Judge: Keep courtroom doors open

A federal judge has ruled pretrial proceedings in criminal cases should remain open to the public in a case brought against judges and sheriffs in a South Georgia judicial circuit.

U.S. District Judge Louis Sands, in an order Wednesday, refused to dismiss a lawsuit filed on behalf of plaintiffs who were not allowed into courtrooms with limited seating inside law enforcement centers in Crisp and Ben Hill counties.

“This ruling is a ‘Public Welcome’ sign for Georgia courtrooms that have presented citizens with untold hoops and hurdles to public access,” said lawyer Gerry Weber with the Southern Center for Human Rights in Atlanta.

Depriving the public from attending pretrial hearings “could undermine the public’s faith in the modern criminal justice system,” Sands wrote. “Prohibiting the majority of the public from these proceedings often bars them from observing the entire justice system.”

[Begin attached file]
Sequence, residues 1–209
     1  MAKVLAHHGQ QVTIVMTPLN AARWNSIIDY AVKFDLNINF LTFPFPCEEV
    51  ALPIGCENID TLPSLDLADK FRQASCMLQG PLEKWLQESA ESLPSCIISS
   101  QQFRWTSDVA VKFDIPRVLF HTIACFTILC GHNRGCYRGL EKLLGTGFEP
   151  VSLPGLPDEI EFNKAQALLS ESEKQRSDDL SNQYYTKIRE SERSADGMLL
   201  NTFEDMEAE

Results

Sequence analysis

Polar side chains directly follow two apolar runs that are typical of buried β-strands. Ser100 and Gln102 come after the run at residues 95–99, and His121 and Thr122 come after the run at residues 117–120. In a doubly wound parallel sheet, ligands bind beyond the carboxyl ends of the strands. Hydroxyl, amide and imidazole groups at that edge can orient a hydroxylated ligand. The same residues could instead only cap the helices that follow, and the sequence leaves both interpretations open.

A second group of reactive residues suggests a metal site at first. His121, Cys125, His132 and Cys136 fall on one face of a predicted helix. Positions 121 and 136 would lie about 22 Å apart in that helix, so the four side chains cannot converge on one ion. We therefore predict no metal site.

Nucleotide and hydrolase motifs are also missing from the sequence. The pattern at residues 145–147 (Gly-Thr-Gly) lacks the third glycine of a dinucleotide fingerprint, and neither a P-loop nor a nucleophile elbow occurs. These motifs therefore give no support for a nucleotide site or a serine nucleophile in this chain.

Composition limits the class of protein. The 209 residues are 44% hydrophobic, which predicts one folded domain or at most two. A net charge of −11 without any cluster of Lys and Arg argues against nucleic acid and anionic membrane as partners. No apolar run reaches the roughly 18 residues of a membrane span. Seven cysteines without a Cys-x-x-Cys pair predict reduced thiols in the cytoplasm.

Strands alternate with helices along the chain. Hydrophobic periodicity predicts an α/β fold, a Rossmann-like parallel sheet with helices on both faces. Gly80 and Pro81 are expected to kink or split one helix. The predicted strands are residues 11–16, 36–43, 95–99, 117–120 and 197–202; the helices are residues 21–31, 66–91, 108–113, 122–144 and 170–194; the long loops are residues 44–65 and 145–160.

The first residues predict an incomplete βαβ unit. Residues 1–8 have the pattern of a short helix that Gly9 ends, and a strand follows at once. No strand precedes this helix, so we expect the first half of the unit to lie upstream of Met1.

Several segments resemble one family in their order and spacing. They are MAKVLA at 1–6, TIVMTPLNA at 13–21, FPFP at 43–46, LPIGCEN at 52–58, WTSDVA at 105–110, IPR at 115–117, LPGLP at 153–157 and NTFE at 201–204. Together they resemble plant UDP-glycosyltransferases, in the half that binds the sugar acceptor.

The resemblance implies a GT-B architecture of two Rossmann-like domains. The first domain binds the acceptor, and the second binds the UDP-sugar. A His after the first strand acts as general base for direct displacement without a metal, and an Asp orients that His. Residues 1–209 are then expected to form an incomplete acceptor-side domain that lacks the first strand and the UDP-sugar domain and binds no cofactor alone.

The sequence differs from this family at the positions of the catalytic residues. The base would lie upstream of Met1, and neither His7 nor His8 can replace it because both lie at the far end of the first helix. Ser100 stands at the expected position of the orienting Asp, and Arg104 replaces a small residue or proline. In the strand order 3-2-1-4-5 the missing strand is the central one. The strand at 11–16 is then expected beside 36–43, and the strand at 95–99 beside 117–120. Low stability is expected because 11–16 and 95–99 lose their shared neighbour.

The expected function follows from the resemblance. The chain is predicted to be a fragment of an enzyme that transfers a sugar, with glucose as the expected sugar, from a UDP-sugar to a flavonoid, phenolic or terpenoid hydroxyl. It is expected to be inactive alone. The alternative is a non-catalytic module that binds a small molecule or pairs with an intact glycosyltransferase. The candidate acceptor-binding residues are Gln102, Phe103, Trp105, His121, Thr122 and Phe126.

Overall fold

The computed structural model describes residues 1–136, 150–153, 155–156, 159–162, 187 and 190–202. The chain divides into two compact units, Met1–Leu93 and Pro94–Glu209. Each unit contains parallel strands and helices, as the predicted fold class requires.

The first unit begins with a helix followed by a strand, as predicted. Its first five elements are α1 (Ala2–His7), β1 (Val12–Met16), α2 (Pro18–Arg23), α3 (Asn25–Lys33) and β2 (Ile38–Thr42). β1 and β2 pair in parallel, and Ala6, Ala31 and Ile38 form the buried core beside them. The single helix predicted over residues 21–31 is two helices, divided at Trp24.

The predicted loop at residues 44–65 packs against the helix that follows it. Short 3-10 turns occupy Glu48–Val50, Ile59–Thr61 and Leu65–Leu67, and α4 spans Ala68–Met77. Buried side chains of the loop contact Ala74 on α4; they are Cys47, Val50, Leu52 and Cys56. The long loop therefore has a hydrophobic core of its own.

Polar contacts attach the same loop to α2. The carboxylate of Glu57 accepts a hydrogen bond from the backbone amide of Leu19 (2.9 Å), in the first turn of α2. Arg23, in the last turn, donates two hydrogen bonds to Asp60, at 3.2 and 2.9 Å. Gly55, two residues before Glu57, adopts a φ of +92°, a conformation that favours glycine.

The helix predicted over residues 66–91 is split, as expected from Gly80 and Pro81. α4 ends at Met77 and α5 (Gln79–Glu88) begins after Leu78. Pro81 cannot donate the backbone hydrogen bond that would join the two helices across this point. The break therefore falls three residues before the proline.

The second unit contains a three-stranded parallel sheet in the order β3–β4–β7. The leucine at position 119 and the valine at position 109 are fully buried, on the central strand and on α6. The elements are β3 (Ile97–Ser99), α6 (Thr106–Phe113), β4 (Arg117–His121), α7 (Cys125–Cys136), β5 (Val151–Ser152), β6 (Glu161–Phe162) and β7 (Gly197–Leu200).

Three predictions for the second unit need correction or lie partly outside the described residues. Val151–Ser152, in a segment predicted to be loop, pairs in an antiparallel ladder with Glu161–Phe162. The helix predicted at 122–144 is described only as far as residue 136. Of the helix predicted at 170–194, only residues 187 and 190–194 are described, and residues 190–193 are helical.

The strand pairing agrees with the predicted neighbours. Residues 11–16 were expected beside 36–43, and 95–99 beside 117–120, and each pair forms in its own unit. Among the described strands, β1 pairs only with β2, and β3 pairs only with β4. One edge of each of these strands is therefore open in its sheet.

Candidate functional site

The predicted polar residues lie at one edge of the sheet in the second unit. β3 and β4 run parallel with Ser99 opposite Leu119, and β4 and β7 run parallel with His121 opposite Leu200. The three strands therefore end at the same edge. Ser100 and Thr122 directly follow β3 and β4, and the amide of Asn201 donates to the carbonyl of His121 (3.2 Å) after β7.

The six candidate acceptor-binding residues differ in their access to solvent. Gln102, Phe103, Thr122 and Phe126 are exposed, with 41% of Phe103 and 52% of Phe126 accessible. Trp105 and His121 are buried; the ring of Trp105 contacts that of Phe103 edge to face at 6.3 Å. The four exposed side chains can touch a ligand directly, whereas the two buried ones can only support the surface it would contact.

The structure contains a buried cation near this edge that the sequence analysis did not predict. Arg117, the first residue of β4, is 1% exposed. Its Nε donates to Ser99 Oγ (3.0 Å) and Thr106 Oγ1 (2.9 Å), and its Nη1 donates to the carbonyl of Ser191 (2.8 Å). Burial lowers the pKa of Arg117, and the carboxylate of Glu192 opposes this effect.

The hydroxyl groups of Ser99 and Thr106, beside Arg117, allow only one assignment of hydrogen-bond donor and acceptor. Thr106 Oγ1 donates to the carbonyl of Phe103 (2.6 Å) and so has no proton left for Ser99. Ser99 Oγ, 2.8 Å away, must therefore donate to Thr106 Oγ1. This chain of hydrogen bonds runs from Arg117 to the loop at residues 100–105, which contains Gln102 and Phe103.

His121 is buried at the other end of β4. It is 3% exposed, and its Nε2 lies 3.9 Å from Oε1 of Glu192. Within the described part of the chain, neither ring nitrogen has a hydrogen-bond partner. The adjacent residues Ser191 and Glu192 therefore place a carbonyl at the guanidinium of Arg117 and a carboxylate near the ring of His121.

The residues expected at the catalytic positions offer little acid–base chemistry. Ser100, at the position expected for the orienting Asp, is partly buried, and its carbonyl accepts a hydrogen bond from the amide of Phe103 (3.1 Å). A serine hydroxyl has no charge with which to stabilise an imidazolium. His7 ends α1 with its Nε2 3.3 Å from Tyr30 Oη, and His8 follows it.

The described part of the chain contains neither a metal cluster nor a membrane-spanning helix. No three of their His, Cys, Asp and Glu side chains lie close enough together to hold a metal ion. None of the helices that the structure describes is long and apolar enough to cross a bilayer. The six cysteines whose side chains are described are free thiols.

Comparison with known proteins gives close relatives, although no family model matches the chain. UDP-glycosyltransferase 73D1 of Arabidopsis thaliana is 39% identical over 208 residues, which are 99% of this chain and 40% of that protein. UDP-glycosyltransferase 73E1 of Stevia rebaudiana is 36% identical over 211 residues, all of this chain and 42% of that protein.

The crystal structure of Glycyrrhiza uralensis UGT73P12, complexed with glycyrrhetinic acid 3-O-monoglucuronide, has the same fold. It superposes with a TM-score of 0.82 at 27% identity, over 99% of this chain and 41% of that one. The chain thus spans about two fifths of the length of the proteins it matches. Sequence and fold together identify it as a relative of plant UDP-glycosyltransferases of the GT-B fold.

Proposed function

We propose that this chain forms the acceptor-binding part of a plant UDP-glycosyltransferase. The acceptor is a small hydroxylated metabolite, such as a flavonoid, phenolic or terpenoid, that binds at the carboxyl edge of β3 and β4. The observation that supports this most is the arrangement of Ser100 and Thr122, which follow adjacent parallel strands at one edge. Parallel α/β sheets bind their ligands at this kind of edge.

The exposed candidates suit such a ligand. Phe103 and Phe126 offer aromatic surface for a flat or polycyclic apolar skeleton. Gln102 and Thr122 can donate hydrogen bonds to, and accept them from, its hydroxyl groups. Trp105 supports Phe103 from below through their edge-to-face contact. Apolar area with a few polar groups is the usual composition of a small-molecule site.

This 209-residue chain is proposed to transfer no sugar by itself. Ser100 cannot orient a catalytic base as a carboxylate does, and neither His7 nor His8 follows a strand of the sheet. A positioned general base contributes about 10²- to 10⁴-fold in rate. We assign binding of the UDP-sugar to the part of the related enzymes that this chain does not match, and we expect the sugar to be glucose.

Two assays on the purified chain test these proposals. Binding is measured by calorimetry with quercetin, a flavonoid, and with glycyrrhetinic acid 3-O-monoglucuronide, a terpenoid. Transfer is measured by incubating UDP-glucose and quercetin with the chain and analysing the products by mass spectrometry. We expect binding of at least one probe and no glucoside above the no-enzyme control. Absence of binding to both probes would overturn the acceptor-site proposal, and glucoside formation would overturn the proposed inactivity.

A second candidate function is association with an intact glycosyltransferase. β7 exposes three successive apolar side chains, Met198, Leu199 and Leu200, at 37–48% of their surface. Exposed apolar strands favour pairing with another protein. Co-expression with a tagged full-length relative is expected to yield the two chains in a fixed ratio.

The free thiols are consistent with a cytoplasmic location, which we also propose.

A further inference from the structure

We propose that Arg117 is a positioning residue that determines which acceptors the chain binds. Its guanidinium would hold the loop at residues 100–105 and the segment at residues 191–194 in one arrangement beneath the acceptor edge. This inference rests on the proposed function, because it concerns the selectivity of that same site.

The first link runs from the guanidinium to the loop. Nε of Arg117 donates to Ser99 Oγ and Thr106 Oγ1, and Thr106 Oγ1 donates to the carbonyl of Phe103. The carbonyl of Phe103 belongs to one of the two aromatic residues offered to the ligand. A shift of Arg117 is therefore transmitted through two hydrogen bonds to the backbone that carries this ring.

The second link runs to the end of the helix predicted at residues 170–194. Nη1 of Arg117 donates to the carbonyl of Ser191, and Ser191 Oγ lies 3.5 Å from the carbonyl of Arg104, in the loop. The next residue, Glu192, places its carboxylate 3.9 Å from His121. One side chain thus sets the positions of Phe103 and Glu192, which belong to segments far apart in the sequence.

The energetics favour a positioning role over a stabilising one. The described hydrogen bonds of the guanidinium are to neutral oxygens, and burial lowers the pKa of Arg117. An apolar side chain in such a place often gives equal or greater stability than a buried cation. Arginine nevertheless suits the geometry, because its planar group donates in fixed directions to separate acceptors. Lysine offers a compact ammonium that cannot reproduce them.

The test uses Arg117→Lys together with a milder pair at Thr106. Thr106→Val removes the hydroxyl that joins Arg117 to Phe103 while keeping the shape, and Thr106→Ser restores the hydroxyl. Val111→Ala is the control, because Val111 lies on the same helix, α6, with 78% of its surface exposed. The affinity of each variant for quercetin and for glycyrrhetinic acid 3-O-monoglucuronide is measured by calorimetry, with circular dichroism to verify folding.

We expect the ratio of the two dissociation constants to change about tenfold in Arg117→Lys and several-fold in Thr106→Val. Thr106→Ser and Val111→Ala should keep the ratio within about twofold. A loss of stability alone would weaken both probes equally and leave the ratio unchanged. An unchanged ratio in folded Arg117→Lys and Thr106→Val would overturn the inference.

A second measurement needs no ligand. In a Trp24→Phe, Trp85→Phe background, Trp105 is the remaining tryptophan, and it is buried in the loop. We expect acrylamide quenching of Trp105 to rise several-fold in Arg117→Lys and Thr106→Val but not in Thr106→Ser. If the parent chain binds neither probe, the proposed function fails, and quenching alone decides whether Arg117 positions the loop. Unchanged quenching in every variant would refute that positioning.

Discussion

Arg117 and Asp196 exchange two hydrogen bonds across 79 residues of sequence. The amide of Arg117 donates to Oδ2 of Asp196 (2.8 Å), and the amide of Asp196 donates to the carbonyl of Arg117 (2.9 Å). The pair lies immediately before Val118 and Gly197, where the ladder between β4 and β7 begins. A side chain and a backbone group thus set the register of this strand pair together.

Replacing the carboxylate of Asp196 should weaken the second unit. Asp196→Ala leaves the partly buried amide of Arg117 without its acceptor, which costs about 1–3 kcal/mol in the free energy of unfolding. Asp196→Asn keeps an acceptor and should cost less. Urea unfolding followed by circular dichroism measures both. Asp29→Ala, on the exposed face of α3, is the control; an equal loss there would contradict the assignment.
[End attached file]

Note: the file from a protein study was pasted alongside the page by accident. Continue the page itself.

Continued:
The lawsuit alleges that judges and sheriffs in the two counties allow people to attend hearings only when certain exceptions are met, such as whether they are related to a defendant and when a defendant pleads guilty.

Among the plaintiffs was a 72-year-old woman who wanted to attend her grandson’s arraignment in Ben Hill County in January 2012 but was never allowed inside, despite available seating, the lawsuit said. Another had driven two and a half hours in March 2011 to see her nephew’s arraignment in Crisp County but was barred from doing so by officials who told her the nephew didn’t enter a guilty plea, the suit said.